T.G.I. Friday's Photos
I have been working at T.G.I. Friday's full-time (Less than a year)RecommendsPositive OutlookRecommendsPositive Outlook
When you see people in a restaurant who actually are being kind to the wait staff, don't assume they're just naturally good people. They're not. They are either currently or previously employed restaurant workers. Nobody understands forgetting an iced tea, dropping the dinner rolls, or taking 15 minutes to bring extra napkins except those who've been in those trenches. After working at a restaurant for even a short time, you'll have a newfound respect for your fellow humans. You'll no longer wonder why the gal at the drive through can't manage to understand, "no cheese," and you won't be impatient when the new cashier doesn't know how the cash register works. You'll be patient, and you'll be respectful for what it takes to learn a job that everyone thinks is a no-brainer, but is actually as complicated as working a Rubik's cube while juggling flaming batons and changing a baby's diaper, all at the same time.
When was the last time you have researched market trends in your area or did a comprehensive market study and write-up for your restaurant? Have you ever? If not, you are not alone. Failure to establish that there is a market for your restaurant and the failure to stay abreast of market trends, are two of the most tragic mistakes a restaurant owner can make, especially because these mistakes can easily be avoided. Even something as simple as a stop and greet survey on the street can establish consumer likes and dislikes, perceptions, needs and demands. Before opening their restaurant’s doors, restaurant owners should establish a demand for their cuisine or service, and an ability to capture a market share. Once those doors have opened, restaurant owners should analyze the direction of consumer demand and make changes and adjustments accordingly. Without a fact-based knowledge of the market, an informed decision is not possible.
Advice to Management
Good managers are the most underrated people on the planet. At a restaurant, this is easy to observe. A bad manager drives away the best employees, alienates the customers, and assuring that the quality of food deteriorates to that of a first grader's school lunch left on the bus during summer vacation. The good manager does the exact opposite: luring the best workers and motivating them to do even better. Managing to please (most of) the customers without hanging their staff members out to dry. They help build an environment where the chef can do his best work, raising the quality of the food and drink offerings ever higher. Restaurants can instill all the values of respect, teamwork, and good management skills as the military, only without all the danger. These skills are valuable wherever you go and whatever you do the rest of your life. Serve on!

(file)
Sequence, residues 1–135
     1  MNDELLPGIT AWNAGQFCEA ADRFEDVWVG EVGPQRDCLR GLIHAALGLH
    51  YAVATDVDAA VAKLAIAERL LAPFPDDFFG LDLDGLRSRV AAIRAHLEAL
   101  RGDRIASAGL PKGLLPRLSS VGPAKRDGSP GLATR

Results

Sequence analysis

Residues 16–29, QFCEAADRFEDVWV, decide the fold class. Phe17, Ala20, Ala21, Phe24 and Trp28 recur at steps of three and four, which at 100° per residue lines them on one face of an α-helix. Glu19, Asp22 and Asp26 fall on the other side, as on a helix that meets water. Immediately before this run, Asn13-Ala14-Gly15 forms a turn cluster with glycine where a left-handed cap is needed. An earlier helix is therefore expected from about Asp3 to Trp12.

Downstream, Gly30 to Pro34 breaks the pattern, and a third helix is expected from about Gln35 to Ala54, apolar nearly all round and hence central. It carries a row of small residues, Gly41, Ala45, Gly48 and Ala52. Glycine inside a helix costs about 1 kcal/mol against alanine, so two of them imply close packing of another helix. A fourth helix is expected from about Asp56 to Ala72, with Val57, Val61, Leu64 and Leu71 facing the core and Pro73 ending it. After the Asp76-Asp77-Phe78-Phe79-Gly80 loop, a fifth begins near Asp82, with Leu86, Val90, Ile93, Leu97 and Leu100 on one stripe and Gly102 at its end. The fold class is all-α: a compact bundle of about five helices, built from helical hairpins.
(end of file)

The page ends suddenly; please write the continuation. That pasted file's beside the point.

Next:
Getting an Interview
Getting an Interview
Helpful (1)Accepted OfferPositive ExperienceEasy Interview
I applied online. The process took 1 day – interviewed at T.G.I. Friday's (Concord, NC) in July 2015.
I applied online about a week ago and they called me yesterday (Sunday) around 5 pm to set up an interview. I originally had an interview elsewhere so we set up the interview for Wednesday. The other company completely wasted my time and I was only there for about 5 minutes, so I called TGI Fridays and asked if they were still interested in interviewing me today. The manager agreed and I came and she sat down with me for a second. No real interview questions, just if I was in school and if I had a current job (this is my first job). She then said that the job is mine if I wanted it, I filled out the paperwork, and I start on Wednesday. I am so excited. While she was bringing me the paperwork and making copies of my license and stuff, I spoke to the hostess and she told me some things about the job. She was very friendly and it seems like a very fun place to work. I'll write a review after i've worked here for about a month or so.
- What is your current job? 1 Answer